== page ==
Finally, the defendant argues that he was not given proper notice of the potential for an upward departure. Thomas is certainly correct that he is entitled to reasonable notice that the court is contemplating an upward departure. Burns v. United States, 501 U.S. 129, 137-38, 111 S.Ct. 2182, 2187, 115 L.Ed.2d 123 (1991). In Burns, the Supreme Court reversed the defendant's sentence on due process grounds after the sentencing court had departed upward sua sponte. The Court, however, contrasted Burns with an "ordinary case" in which the PSI or a Government recommendation puts the defendant on notice. Id. at 133-37, 111 S.Ct. at 2185-86. This Court has also held that the PSI satisfies the notice requirement for upward departures as long as it specifically identifies the facts or information that may warrant such a departure. United States v. Anders, 899 F.2d 570, 576-77 (6th Cir.1990). Thomas's PSI specifically stated that an upward departure might be at issue because of the defendant's inordinately high criminal history score. On that basis, we find that Thomas was properly on notice that a departure might be at issue.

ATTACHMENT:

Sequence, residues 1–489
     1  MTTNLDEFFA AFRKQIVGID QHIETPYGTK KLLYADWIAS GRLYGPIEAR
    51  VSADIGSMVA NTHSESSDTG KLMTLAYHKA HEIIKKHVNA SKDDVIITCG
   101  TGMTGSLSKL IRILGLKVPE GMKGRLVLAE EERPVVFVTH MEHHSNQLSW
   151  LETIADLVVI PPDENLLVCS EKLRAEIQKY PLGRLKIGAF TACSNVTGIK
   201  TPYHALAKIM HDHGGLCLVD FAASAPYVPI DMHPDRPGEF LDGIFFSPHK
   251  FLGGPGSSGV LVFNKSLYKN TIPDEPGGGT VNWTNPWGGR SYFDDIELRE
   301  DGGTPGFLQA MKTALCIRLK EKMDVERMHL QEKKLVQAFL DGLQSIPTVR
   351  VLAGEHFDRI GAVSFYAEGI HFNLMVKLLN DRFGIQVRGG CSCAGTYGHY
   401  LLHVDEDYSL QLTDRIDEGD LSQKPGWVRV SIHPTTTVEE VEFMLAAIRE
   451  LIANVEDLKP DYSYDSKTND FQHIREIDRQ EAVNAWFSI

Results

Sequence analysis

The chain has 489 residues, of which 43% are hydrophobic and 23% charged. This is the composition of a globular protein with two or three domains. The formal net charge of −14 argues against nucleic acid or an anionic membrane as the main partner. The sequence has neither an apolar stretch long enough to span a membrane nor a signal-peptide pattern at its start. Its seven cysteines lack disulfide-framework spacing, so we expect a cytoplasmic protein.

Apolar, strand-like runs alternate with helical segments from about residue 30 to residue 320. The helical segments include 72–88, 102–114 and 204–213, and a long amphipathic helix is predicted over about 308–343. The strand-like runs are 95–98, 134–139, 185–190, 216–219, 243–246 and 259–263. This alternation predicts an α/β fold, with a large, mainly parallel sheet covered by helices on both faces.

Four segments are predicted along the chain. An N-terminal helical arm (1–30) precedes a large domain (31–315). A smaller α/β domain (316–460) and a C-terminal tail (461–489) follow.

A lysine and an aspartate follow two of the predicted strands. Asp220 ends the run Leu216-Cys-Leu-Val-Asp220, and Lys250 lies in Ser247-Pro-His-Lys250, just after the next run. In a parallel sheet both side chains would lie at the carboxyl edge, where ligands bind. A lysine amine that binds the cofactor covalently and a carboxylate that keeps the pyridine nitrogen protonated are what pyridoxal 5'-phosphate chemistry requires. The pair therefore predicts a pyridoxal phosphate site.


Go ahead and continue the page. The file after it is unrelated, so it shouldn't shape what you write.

For the foregoing reasons, we AFFIRM the defendant's sentences.
That section of the Guidelines provides in part:
The Commission contemplates that there may, on occasion, be a case of an egregious, serious criminal record in which even the guideline range for Criminal History Category VI is not adequate to reflect the seriousness of the defendant's criminal history. In such a case, a departure above the guideline range for a defendant with Criminal History Category VI may be warranted.
U.S.S.G. Sec. 4A1.3, p.s.
Prior to a November 1, 1992 amendment to Sec. 4A1.3, the guidelines were silent as to the appropriate methodology required for upward departures from Criminal History Category VI